Angela Natividad's Live & Uncensored!

19 February 2022

"If you love Jesus..."

 I’ve been thinking about those chain letters from the early days of the internet.

“If you love Jesus, don’t be ashamed to proclaim it! Send this to 10 people…”

I used to take those letters really seriously. I had all these thoughts, like, Wow, I really do feel hesitant to send this around. What differentiates me from Judas, or Thomas, or Peter? For awhile it felt brave to forward them. I was proving something to myself—that I wasn’t afraid who knew I was a Christian. I’d say it loud and proud when called upon! All that kind of nonsense.

Those chain letters migrated into social networks alongside us. I still get them from time to time, in new variations, from religious aunties, usually, in the Philippines. They slide into my DMs, utterly disinterested in me, strangers really, unless they’ve got a holiday GIF or a chain letter to bomb me with. I started removing them from my contacts. Blood and shared names don’t mean relationship.

The internet still functions like in the early days, but faster and more efficiently now. Social media amplifies our every writ thought and emotion, finding traction for them like a magical loudspeaker, locating more sympathetic (or antipathetic) readers. Lately I’ve been feeling pressure to say something about myself—reveal a position, make some kind of stand. About vaccination, about magic, about animism, about science and technology, about my work, about the latest race killing, about Asians supporting Black brothers and sisters, about what people get wrong…

And there are new pressures now, memes that ominously read, “We are taking note of your silence.”

I get it now, about the Jesus chain letters. Sharing them with ten people doesn’t mean you’d be more likely to hide a Jewish family during the Third Reich. It doesn’t mean you recycle, or that you’d reach out to help someone having trouble in the street. It didn’t mean you pray, refuse to masturbate, take communion. 

Really, it was a pressure game: if we push this button inside you, do you comply? Will you go on amplifying beside us? Are you in or out?

That’s what so many of these hot takes feel like on the internet. It really doesn’t matter what you say, or how often you say it; everyone is saying too much, thinking it’s important in ways most would be hard-pressed to explain if asked. No one is listening much. They’re all just waiting their turn to show whose side they’re on—for you, against you, seeking to educate you. We are just itching to clarify our positions on the broader stage to other actors on stages.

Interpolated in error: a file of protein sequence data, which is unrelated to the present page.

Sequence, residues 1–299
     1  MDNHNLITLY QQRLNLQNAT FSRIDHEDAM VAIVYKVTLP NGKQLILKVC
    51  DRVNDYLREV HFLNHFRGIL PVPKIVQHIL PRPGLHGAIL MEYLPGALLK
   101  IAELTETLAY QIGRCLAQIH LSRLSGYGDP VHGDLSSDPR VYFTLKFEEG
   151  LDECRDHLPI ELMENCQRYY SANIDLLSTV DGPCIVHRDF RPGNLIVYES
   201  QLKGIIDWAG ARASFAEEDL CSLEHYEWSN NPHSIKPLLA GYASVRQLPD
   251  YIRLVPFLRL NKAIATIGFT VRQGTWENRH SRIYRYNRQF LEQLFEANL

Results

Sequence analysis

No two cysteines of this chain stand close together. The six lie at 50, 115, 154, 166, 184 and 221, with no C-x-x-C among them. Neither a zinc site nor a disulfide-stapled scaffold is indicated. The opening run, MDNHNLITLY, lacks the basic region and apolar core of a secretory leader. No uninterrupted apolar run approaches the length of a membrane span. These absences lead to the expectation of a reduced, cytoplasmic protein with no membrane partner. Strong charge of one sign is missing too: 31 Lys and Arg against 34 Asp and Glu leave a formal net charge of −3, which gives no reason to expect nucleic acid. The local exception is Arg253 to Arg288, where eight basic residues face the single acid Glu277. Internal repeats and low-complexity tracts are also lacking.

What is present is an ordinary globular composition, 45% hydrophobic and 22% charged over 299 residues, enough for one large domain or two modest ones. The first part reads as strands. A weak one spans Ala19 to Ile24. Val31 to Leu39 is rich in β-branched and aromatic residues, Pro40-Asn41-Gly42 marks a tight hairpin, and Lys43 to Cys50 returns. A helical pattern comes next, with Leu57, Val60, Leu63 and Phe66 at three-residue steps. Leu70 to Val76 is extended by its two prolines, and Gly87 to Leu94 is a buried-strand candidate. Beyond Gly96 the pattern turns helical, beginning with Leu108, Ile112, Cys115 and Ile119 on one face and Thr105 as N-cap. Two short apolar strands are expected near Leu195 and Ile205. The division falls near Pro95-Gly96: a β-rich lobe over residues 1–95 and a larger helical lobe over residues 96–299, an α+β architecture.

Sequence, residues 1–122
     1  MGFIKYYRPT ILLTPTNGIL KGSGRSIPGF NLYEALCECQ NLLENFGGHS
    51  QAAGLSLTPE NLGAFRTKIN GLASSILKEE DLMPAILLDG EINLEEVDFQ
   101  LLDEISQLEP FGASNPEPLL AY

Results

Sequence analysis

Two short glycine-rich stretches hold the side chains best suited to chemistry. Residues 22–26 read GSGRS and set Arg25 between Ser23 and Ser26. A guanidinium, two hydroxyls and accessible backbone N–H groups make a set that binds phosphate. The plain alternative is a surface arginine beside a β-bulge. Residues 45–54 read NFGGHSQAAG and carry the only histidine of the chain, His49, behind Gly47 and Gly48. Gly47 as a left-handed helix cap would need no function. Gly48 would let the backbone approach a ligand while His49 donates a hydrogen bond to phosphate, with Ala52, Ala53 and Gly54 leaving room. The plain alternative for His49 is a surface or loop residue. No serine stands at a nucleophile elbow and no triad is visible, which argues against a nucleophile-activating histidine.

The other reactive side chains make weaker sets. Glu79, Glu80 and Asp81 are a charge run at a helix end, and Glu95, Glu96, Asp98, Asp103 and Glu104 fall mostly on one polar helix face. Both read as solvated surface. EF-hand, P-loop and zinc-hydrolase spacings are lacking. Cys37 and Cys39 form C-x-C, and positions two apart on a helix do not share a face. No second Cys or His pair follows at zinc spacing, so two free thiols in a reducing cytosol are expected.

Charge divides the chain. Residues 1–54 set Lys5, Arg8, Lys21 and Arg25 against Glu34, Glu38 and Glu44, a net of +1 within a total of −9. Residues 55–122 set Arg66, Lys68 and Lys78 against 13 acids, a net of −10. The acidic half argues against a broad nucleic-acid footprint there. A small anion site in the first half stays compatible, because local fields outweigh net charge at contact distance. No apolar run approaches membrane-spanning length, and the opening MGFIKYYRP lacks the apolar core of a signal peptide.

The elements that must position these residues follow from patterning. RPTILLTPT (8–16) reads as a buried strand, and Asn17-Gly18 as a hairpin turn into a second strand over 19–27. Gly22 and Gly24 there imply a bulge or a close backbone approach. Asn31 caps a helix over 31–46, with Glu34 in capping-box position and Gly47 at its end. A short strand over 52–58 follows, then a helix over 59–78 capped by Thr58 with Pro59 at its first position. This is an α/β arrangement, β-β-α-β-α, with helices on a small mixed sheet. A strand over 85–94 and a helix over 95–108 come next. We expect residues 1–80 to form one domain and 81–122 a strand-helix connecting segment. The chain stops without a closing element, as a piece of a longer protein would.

But this isn’t the move. It isn’t really a move at all. It’s just forwarding the chain letter.

It matters more to know when to speak and when to act, and to speak and act when it counts. Sometimes we’re going to fuck up, to misfire, to fail to read the nuances of the moment. It’s all right. It’s part of the messiness of being human.

It’s not that I don’t think the hot takes matter. Sometimes they’re good therapy and expiation. Sometimes you learn something, find the words for something you’ve suspected and felt, but didn’t have time to fully think through. Some of that stuff needs to be said, and needs to be read.

Sometimes they just seem designed to make a few targeted individuals feel bad about something. Mobile, viral Puritanism.

I don’t think the idea of hot takes matters as much as anybody thinks they do (assuming anyone does). Sometimes even clever, thoughtful people get addicted to them, convinced it’s part of the service they provide to the body public; another product, then, to reliably get out the door on time.

Most of the time, I don’t think anybody needs me to weigh in on anything. This is not a lack of confidence, or some kind of judgment call. It’s also a way to conserve my energy, to save it for what I think matters, and when it does. I often find that the private moments matter, between me and one or two other people. You have time, then, and space, to exchange on the nuances of what you’re saying, to think it through, to change your mind, to change someone else’s, to add to each other’s inner constellations.

The larger stage, the broadcast platform? Less so.

It's helpful to remember when I believed in the Jesus chain letters—oh my God, I need to share this or I’m just as bad as those fallible disciples! It was an immediate reflexive reaction to what I thought was a moment of conviction, but what was actually a transparent and childish social pressure play. The chain letters had no meaning. They delivered no value. They won no souls to Jesus. Their entire function was to go on being passed on, ostensibly until every person on earth had seen them and meaningfully interrogated themselves (or deleted them, thereby dooming them to hell, I suppose, where Judas would be waiting to weep with them).

These days when I feel a hot conviction to say something—and truly, it’s constant, practically a plague—I stop and ask myself what my motivations are. Quite often I find that the motivation is something to the effect of, “To show where I stand!” 

And that’s when I know I’m 13 again, knee-jerk reacting to a chain letter that’s just gotten subtler, more insidious.

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